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Control module voltage is one of the OBD PID. It signifies the car battery voltage. Is there any way to calculate how much current is drawn in a drive (say 7 km from my office to home). The voltage will keep on decreasing, increasing in this drive, but I am interested to calculate how my current (or rate of current) is being drawn during discharging of the car battery. The calculation would involve using OBD PIDs (most preferably the generic Mode 01 PIDs).

  • I don't think any production car does this with generic obd2 PIDs and the only manufacturers I know that do measure battery current draw are on GMs and Hondas. – Ben Feb 13 '16 at 22:08
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The notion that battery voltage will reduce while driving is incorrect.

All modern production vehicles will boast alternator acting as a electrical generator to maintain battery voltage. The battery cannot sustain sufficient charge for even an hour in the absence of a charging issue.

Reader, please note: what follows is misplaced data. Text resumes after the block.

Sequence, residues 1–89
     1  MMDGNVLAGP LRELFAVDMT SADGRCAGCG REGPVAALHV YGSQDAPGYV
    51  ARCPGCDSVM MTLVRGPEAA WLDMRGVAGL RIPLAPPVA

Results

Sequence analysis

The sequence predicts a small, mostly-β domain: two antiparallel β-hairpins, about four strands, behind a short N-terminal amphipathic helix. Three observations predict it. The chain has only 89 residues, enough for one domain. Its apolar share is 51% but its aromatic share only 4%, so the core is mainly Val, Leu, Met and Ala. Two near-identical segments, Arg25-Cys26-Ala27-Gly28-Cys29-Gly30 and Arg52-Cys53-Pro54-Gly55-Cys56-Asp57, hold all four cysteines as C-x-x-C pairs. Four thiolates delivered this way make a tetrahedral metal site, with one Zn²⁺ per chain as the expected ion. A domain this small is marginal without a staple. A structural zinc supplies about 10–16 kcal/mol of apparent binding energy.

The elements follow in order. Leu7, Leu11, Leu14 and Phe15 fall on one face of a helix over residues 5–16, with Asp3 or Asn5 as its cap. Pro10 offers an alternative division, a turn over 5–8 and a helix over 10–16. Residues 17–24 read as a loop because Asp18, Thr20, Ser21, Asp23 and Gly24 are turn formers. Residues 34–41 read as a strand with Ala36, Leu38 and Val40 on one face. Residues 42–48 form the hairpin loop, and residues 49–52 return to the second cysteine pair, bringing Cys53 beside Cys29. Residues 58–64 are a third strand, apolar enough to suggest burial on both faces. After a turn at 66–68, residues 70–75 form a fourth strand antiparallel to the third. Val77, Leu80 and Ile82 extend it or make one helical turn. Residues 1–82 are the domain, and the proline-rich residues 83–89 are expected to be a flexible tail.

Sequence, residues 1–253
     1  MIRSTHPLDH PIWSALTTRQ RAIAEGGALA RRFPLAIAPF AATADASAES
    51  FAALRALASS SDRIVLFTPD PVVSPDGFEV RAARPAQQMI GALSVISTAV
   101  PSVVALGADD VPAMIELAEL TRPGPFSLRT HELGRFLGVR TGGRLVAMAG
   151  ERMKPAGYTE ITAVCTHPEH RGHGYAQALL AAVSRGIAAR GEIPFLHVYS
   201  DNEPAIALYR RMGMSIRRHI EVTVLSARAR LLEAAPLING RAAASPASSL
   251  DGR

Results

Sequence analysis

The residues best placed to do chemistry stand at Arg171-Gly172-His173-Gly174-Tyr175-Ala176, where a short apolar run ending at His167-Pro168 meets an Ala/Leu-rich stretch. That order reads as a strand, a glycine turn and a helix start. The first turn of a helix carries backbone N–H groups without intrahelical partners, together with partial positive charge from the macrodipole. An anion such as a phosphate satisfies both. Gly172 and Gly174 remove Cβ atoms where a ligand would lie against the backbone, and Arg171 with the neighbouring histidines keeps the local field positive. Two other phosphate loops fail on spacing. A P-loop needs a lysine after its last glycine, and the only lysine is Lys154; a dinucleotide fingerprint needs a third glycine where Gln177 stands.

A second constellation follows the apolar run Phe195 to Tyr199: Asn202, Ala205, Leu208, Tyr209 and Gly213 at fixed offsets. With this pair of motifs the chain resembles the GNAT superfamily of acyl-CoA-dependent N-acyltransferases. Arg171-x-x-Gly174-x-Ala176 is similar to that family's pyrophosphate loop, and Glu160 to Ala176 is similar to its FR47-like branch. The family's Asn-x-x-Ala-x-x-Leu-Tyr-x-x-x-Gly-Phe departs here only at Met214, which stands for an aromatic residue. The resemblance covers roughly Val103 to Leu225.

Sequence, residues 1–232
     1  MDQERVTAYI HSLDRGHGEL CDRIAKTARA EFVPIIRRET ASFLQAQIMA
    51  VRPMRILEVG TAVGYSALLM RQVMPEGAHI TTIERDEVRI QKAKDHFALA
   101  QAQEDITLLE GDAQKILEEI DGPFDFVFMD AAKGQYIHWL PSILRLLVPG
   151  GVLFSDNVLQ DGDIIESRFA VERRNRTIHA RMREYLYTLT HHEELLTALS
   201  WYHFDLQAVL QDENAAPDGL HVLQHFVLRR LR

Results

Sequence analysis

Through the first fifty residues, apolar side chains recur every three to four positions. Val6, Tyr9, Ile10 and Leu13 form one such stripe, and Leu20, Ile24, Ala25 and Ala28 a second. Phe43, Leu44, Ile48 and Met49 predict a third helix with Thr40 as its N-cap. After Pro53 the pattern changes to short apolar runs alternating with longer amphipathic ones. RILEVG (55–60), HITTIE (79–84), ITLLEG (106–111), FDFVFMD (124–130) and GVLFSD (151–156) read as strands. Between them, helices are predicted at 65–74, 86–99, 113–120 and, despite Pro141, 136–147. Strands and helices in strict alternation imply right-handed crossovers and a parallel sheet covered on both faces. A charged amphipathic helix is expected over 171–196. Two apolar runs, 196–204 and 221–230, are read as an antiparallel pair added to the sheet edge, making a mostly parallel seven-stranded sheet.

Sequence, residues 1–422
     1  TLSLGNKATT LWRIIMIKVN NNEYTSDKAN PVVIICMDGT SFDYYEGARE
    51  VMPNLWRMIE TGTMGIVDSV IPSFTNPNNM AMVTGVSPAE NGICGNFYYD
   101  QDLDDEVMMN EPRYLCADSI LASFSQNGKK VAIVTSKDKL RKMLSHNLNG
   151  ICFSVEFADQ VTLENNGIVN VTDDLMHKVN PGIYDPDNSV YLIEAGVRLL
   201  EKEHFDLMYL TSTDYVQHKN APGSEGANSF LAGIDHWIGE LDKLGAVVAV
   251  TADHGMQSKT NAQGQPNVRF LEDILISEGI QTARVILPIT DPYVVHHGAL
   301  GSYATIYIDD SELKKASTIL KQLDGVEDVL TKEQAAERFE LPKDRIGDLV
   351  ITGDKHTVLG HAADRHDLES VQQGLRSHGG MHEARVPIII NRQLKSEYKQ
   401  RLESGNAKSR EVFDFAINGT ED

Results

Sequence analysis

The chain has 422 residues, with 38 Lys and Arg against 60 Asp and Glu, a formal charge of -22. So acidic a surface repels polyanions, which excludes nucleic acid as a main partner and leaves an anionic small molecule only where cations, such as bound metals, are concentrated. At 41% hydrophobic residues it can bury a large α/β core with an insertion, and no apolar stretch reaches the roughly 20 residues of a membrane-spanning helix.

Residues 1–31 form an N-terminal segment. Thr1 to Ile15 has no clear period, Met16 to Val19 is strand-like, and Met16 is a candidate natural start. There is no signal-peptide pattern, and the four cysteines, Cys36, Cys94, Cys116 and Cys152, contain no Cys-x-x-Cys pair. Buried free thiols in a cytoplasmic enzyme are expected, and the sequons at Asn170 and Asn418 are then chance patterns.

As such, control module voltage will remain steady during normal operation and cannot be used to perform any kind of electrical energy consumption calculation.

  • Yeah, sorry my bad. I meant how will I come to know if my battery is draining faster compared to normal rate while doing operations during driving like listening to the radio, giving indicator lights etc. – Soumya Sen Feb 13 '16 at 11:51
  • You can't because the battery is charging while the engine is running. Plus, the OBD-II PID's do not provide you the necessary information. It's like someone trying to assess the condition of a mobile phone 's battery while it is being charged. – Zaid Feb 13 '16 at 11:54
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On some vehicles you can monitor duty cycle on time of the alternator control circuit or alternator load. Both are usually an on/off signal that will give you a percentage. Some flaws in this are something like A/C on will cause 100% whether needed or not and hard acceleration ( like going uphill ) the car will disable the alternator 0% to give you more engine horsepower ( the alternator is a load on the engine ).

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